Government Plans to Challenge Animal Charities Revealed
Thursday, 8th December 2016 at 6:07 pm
Major animal protection charity, Voiceless has expressed concern and surprise at reports of meetings between federal and NSW governments to consider ways to silence animal welfare advocates.
It was revealed on Thursday that the NSW and federal agriculture ministers have been hosting a series of joint roundtable meetings to find ways to stop animal rights groups that trespass on farm land in their attempts to expose animal mistreatment as well as a proposal to strip some groups of their charitable status.
Documents obtained under NSW access to information laws by state Greens MP Mehreen Faruqi and published on Thursday by The Guardian, detailed an August 2015 meeting that included federal Agriculture Minister Barnaby Joyce, the NSW primary industries minister, Niall Blair, and animal industry groups including NSW Farmers, where a number of options were discussed for targeting animal rights activists who expose animal abuse through undercover footage.
“This is clearly an attempt to try and gag the whistleblowers, rather than address the heart of the issue – animal abuse across Australian industries,” Voiceless spokesperson Elise Burgess told Pro Bono Australia News.
“Among the range of strategies considered, such as making it easier to prosecute animal advocates by altering how evidence can be gathered (such as the ag-gag style Surveillance Devices Act recently passed in South Australia), the roundtable even proposed an option of stripping some animal groups of their charitable status.
“In terms of targeting the charity status, we did not foresee that at all because the heart of this debate is animal welfare and this whole idea of whistleblowers. I mean… we need to be talking about how animals are being treated in these systems and why abuse keeps coming up and not having roundtables trying to essentially silence the messengers.
“We have already seen this with environmental groups. So perhaps I shouldn’t say I am surprised they extended it to us because this is the first that we have heard of it. Clearly this is now a tactic that is being used for advocates generally. First environmentalists, now animal advocates are facing it and who knows what’s next.”
Burgess said the move should be a concern for all not-for-profit organisations that their charitable status could be threatened simply because people don’t like their message.
“It’s a real concern and it is distracting from the heart of the debate,” she said.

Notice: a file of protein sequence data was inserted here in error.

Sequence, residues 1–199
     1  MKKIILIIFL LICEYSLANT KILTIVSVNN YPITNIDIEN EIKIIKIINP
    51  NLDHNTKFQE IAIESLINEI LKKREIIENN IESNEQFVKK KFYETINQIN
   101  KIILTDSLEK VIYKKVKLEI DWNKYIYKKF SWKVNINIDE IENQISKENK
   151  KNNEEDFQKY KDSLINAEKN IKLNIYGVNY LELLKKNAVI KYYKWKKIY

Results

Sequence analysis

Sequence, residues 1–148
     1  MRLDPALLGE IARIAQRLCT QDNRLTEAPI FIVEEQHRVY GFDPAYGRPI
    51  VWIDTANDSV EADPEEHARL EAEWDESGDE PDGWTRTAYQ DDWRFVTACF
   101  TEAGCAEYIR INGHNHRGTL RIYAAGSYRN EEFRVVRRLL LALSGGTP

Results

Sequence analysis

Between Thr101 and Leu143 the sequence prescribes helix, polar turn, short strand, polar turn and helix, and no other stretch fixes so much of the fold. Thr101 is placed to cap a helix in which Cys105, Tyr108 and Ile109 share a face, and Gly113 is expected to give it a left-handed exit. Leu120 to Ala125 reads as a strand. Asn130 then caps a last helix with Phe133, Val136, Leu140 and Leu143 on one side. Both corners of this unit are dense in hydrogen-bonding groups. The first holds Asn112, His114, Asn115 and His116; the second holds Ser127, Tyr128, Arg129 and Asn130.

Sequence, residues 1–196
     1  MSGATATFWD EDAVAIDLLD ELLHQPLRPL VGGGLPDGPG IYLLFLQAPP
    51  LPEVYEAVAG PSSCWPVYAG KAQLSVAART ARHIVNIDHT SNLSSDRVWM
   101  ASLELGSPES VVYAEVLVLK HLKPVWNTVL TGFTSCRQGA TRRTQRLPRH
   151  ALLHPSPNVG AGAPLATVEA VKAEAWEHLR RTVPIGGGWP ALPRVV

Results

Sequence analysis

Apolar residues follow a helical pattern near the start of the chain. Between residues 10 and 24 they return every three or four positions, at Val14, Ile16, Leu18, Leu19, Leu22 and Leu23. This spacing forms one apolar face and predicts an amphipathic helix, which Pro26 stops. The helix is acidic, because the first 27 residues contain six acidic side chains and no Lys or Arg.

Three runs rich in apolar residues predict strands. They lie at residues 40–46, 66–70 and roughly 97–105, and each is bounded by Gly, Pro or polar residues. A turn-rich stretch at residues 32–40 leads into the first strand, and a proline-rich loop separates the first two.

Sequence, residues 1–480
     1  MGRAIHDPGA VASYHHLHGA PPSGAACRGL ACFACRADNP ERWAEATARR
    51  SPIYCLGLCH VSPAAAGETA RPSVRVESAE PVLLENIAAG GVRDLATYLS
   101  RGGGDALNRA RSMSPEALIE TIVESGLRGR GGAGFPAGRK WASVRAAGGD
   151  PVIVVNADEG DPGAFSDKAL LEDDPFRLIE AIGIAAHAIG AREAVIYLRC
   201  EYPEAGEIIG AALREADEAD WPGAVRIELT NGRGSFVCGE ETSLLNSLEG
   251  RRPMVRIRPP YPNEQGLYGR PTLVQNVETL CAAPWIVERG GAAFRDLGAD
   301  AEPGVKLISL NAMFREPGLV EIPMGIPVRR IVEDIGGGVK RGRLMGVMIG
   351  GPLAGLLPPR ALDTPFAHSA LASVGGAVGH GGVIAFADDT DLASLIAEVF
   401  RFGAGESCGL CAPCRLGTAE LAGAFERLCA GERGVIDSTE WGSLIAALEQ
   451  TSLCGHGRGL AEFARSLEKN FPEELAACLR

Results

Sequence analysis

“There really should be an open dialogue between government and in this case animal producers and in the environmental case industry and the public and advocates. There should be an open discourse rather that just trying to shut us down.”
However, animal welfare group RSPCA NSW issued a statement saying it had been invited to attend the meeting with other stakeholders.
“The focus of the roundtable was to discuss the impacts of trespass and unlawful entry to premises including security, biosecurity (animal disease and pest) and animal welfare risks and the personal impacts on staff, individuals and families,” the statement said.
“The RSPCA encourages those with concerns over animal welfare to report it directly to authorities such as the RSPCA and police to investigate lawfully, and within outlined biosecurity measures to limit the entry and spread of pests and disease that cause threats to the welfare of livestock.”
The statement did not refer to reports that the two governments were planning to reassess the charity status of animal advocacy groups.
Burgess from Voiceless said: “We need to review our options now and really work out what the best action is for the future.”
“It is probably too early to say given that we are still processing how this impacts not only us but the movement in a broader sense. Is this the new way that we have to approach issues and then we will have to take that on board.
“They attack the idea of donations but a lot of animal groups don’t have tax deduction (DGR) status.
“The thing that surprised us the most is that this is a roundtable of really influential people who could actually enact proper change in animal welfare legislation and instead they spend their time trying to shut down animal advocates It’s just such a wasted opportunity I think.”
In November the Community Council for Australia (CCA) warned that any move by the federal coalition to revisit the tax deductibility of charities and exclude advocacy groups would face a strong backlash from the not-for-profit sector.
CCA CEO David Crosbie said the coalition’s federal executive had already adopted a policy of not allowing tax deductibility for environmental groups.
However he said: “If there is a renewed push to exclude advocacy based charity groups from obtaining or maintaining charitable status and tax deductibility, the coalition will pay a high political price.”
His comments come as the Australian Greens warned that the Turnbull government’s proposed legislative “witch-hunt” against environmental groups was reportedly being expanded to include health, ethnic, housing, and other not-for-profit groups.
“There will certainly be a strong charity sector backlash,” Crosbie told Pro Bono Australia News.
“I am not sure anyone would endorse the hypocrisy of a government claiming to be champions of free speech while seeking to restrict or close down charities that advocate for their communities and their purpose.
“It is interesting to note the recent Essential Polling on this issue shows the Australian public overwhelmingly supports environmental groups and charities being able to advocate on issues of concern.
“I would have thought the lessons on this issue have been well and truly understood given the history of Australian governments that have tried to silence or restrict the voices of civil society.”